Unlike the other kind of STD, the socially transmitted disease of identity theft is not avoidable. There is no immunization, no safe way to avoid it—not even complete abstinence. There have been too many breaches with too much data for anyone but those living entirely off the grid to be completely safe. (And even still you can’t be sure.)

Your best bet, in my opinion, is a system detailed in my book (forthcoming in November). A key element to that approach is acceptance. Specifically, you need to come to terms with the fact that it’s no longer a question of “if” but “when” you will become a victim of at least one type, if not multiple types, of identity theft. Anyone who tells you that they can keep you from getting got is selling snake oil. In fact, they are running afoul of the Federal Trade Commission. There is no guarantee. There are, however, best practices.

THE THREE M’S

If you accept the basic premise that you are at risk for identity theft no matter what you do, here are some thoughts as to how you might stay as safe as possible. The good news may actually be that you are a seasoned and intelligent user of social media, because that means you already have several of the habits in place that you will need.

Minimize your exposure

The same strategies you can adopt to make yourself a harder-to-hit target on social media go for the rest of your life. Whether that means saying “no” when asked for your Social Security number, limiting the amount of sensitive personal information you provide to anyone who contacts you, making sure all your accounts (email, social networking, financial or retail) have different user names paired with unique, long and strong passwords, properly securing your computers and mobile devices or freezing your credit—there are a variety of things you can do to make your attackable surface smaller.

Monitor your accounts

If you use social media regularly, you are used to checking in on a regular basis—the Pew Research Center found that 70% of Facebook users check in daily, as did about half of Instagram users, and nearly 40% of Tweeps. The same behavior, applied to your financial life, may keep you from getting got … or help you undo or minimize the damage in case you do. Check your bank and credit card accounts daily. Other things you can do include signing up for free transactional monitoring alerts at your bank, credit union or credit card provider, or purchasing more sophisticated credit and noncredit monitoring programs.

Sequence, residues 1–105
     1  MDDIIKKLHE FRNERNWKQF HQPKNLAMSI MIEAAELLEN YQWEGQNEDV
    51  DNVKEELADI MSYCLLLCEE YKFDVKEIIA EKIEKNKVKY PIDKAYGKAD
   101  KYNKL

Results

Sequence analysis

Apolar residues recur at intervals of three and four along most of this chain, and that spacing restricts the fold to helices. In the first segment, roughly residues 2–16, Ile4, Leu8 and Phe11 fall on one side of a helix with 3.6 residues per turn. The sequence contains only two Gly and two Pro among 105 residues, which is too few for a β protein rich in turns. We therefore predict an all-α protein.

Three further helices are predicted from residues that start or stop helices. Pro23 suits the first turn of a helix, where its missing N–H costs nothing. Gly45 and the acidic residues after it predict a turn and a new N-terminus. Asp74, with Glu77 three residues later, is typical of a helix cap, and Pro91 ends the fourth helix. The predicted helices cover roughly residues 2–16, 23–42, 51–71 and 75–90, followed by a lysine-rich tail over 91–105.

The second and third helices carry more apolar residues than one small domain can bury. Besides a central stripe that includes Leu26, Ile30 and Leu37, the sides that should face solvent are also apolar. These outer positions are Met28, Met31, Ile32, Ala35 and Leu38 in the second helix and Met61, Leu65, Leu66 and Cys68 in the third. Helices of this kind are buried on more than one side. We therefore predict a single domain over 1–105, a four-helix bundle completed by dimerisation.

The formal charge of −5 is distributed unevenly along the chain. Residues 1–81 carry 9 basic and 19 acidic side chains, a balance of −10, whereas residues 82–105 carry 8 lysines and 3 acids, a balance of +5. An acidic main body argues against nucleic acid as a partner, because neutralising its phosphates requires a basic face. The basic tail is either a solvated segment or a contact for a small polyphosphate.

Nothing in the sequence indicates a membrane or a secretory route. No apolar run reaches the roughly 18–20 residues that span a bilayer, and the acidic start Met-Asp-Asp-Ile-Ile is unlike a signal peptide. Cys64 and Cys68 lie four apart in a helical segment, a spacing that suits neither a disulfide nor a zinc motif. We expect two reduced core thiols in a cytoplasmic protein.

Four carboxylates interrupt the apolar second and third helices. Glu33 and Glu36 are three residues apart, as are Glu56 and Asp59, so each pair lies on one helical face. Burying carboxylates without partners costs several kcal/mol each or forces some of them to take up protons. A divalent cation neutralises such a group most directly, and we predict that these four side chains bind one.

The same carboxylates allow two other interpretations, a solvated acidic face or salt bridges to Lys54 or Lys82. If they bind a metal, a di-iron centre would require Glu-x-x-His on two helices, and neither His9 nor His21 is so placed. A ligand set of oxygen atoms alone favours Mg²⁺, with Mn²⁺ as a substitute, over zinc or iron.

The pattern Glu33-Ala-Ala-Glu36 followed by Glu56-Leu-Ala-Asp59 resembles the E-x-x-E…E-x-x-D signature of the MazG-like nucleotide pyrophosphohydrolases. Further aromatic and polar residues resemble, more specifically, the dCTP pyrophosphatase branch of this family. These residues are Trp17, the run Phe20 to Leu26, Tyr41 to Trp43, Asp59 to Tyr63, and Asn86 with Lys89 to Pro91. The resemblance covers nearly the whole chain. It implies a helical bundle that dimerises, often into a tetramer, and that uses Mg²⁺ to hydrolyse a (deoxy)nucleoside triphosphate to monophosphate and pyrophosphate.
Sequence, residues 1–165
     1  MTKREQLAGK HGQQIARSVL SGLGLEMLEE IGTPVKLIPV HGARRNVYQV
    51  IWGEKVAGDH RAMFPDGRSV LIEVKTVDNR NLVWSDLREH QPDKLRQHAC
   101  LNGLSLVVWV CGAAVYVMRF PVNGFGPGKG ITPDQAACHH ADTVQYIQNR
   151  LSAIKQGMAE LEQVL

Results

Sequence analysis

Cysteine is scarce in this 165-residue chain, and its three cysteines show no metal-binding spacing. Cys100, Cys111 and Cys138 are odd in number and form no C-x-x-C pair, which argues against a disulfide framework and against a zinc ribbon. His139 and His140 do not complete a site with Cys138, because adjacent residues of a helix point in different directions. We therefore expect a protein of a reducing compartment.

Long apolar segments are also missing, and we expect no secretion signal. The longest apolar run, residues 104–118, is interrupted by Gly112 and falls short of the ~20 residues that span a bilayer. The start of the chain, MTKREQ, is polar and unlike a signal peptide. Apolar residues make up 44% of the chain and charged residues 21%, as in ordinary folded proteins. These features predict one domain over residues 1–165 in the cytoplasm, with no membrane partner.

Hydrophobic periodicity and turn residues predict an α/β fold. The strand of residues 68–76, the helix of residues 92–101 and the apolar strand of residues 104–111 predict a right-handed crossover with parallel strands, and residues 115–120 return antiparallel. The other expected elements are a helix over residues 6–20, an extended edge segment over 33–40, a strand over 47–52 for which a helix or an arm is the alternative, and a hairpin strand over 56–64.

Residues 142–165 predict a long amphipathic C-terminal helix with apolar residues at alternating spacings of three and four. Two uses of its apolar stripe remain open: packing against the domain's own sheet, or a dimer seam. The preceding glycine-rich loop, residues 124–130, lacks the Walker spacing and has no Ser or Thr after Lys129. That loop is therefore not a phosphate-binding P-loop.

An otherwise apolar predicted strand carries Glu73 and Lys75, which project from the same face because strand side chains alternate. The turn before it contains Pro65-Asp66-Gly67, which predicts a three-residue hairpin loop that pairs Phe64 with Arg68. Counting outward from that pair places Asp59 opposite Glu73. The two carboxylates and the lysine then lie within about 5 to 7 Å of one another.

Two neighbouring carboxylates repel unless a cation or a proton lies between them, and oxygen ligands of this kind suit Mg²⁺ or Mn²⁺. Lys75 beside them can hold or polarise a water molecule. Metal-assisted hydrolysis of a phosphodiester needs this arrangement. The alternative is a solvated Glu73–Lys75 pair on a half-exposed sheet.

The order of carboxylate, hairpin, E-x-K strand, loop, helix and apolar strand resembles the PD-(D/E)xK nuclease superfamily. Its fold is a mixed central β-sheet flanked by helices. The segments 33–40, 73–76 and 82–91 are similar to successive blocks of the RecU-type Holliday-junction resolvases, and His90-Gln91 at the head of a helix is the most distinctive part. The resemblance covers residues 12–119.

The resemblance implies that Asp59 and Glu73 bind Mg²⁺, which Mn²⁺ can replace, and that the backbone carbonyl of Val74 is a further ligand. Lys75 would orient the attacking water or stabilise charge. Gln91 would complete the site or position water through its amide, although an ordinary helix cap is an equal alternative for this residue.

Manage the damage

When the dark day comes that your daily practice of monitoring your credit or financial life yields a compromise, you need to get on it immediately by informing the institution of the account that is involved, as well as law enforcement and the fraud department of at least one credit reporting agency. Because many insurance companies, a number of financial services organizations and the human resources departments at a number of companies offer complimentary or low-cost identity theft assistance as a perk of your relationship with the institution, check to see if you are covered or, if not, how you can get covered. Resolution experts can greatly help you speed your way back to normalcy.

Identity theft is a permanent threat. The best way to stay safe is to change your behavior. The above tips are only some of the ways to do that. In the age of universal data vulnerability, practicing safe information hygiene is a must—lest you contract the one STD that may haunt you for the rest of your life.

Insurance and the Connected Car